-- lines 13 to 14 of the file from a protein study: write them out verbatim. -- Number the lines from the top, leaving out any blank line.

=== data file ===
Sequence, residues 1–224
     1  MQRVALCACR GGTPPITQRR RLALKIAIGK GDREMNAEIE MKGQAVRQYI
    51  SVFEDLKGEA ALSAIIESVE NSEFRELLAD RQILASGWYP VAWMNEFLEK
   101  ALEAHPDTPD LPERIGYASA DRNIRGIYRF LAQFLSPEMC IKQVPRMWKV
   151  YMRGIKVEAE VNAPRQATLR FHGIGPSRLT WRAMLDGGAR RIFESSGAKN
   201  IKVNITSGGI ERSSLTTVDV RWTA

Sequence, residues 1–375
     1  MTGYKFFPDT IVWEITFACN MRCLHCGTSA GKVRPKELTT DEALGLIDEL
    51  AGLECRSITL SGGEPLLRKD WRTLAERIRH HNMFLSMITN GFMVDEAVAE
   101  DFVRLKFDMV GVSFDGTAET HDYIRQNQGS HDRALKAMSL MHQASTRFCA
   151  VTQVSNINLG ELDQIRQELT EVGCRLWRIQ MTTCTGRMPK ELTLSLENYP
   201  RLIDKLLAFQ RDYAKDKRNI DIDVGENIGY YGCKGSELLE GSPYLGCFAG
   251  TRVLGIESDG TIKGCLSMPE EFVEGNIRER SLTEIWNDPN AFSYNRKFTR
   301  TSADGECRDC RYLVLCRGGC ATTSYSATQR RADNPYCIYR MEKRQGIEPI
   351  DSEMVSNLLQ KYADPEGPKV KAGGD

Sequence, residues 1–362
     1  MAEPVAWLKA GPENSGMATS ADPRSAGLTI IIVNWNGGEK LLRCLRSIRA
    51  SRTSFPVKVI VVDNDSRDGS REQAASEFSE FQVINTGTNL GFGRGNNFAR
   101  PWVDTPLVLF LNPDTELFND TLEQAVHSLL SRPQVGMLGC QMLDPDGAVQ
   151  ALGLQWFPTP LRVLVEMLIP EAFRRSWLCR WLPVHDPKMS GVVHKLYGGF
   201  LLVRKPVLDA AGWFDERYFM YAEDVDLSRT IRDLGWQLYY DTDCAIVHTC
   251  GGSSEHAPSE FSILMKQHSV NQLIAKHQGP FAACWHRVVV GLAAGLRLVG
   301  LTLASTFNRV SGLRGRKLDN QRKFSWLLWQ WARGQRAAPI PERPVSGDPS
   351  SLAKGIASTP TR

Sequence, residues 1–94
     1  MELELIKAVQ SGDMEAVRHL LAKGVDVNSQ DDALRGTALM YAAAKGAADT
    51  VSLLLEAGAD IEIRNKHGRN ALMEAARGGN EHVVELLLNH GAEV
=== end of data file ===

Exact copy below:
   251  TRVLGIESDG TIKGCLSMPE EFVEGNIRER SLTEIWNDPN AFSYNRKFTR
   301  TSADGECRDC RYLVLCRGGC ATTSYSATQR RADNPYCIYR MEKRQGIEPI